5 Ways to Spark Inspiration in Ableton Live

Stuck on starting a song and need inspiration? This guide looks at five techniques that will help you jump-start creativity when starting a new song in Ableton Live.

Laptop with Ableton Live on Guitar Amp

How to Create a Song from a Blank Canvas

One daunting task as a music producer is starting a new project and staring at a blank canvas. Your mind asks where do I start, what genre, what bpm, what synth, and so forth?

Try these five music production techniques the next time you’re stuck gazing at a blank session in Ableton Live.

1. Converting Audio to MIDI

Ableton Live’s conversion commands are excellent for sparking inspiration. They make it easier to discover, edit, and create new musical ideas. You can transform monophonic melodies, polyphonic harmonies, and drum beats into MIDI clips.


There are endless audio samples and sample packs available across the internet on websites like Splice. With Live’s conversion commands, you can transform original audio into something new or unique. For example, you can resequence MIDI patterns, rearrange notes and chords, pitch notes, cut sections, and more.

There are two ways to convert audio to MIDI. Select the audio clip and choose a command from the Create Menu or right-click the clip to open the context menu. There are four conversion commands available:

Slice to New MIDI Track

This command divides the original audio into slices and assigns them to MIDI notes in a Drum Rack. A new MIDI track is also created, containing a MIDI clip with one note for each slice.

This method opens many new editing possibilities. For example, you can resequence the slices to create new patterns. Also, each slice lives on its own chain in the Drum Rack. So, you can process the individual slices with different audio effects. You could also try inserting MIDI effects before the Drum Rack to generate ideas. For instance, the Arpeggiator and Random devices can create exciting results.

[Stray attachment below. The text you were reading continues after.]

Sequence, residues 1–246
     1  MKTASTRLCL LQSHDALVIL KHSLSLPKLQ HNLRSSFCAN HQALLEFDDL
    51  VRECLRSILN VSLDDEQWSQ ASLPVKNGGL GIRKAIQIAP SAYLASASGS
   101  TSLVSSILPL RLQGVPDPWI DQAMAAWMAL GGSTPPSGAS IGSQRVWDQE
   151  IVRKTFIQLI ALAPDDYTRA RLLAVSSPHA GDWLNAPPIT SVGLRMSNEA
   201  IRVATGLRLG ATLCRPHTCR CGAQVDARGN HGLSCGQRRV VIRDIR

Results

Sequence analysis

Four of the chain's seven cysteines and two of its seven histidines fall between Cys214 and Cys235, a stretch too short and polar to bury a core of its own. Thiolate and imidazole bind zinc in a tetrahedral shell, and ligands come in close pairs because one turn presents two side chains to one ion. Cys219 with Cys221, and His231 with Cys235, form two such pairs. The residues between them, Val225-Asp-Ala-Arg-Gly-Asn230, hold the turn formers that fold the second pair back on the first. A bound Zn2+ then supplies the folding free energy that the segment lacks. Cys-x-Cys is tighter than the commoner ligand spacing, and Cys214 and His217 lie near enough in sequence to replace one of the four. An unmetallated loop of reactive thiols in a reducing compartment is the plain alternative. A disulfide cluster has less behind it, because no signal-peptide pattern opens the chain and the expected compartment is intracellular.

Note: Slicing differs from the other Convert commands. It uses the original audio to generate sound. The other commands create a MIDI clip that does not play the original sound. Instead, they extract the notes and use them to play an entirely different sound.

Convert Harmony to New MIDI Track

This command identifies the pitches in polyphonic audio and creates MIDI notes for them on a new MIDI track. The track also comes preloaded with an Instrument Rack that plays a piano sound.

Convert Melody to New MIDI Track

This command identifies the pitches in monophonic audio and creates MIDI notes for them on a new MIDI track. The track also comes preloaded with an Instrument Rack that plays a synthesizer sound.

Convert Drums to New MIDI Track

This command extracts the rhythms from percussive audio and creates MIDI notes for them on a new MIDI track. The command also attempts to identify kick, snare, and hi-hat sounds. It then places them into the new clip so they play the appropriate sounds in the preloaded Drum Rack. Live also places any additional sounds on a silent note lane for manual editing.

2. Generate Random MIDI Notes

Creating new harmonies and melodies can be challenging or overwhelming. There are infinite note and chord combinations. Instead of twisting your brain in a knot figuring out ideas, try generating melodies and harmonies with Live’s MIDI devices.

Live offers several MIDI devices that can generate ideas you may not have imagined. With a single note, create endless ideas to jump-start the composition process. The best tools for the job is Live’s Random, Chord, Scale, and Arpeggiator devices. Try using all four devices or a combination of them to generate notes and chords.

  • Random: Produces a continuous randomized sequence of the incoming MIDI notes. Define the random patterns with the device controls.
  • Chord: Builds a chord from each incoming MIDI note. It can add up to six notes with the user-defined pitch controls. With the Shift controls, you can create minor or major chords that range from simple to complex.
  • Scale: Shifts all incoming MIDI notes into a specified key. This device keeps all the incoming notes in check by transposing them to the closest note in the set scale. You’ll never get a wrong note!
  • Arpeggiator: Produces rhythmical patterns from either incoming MIDI notes or chords. Set the sequence and speed of the pattern with the device controls.


These steps put this technique into practice by randomizing MIDI note patterns: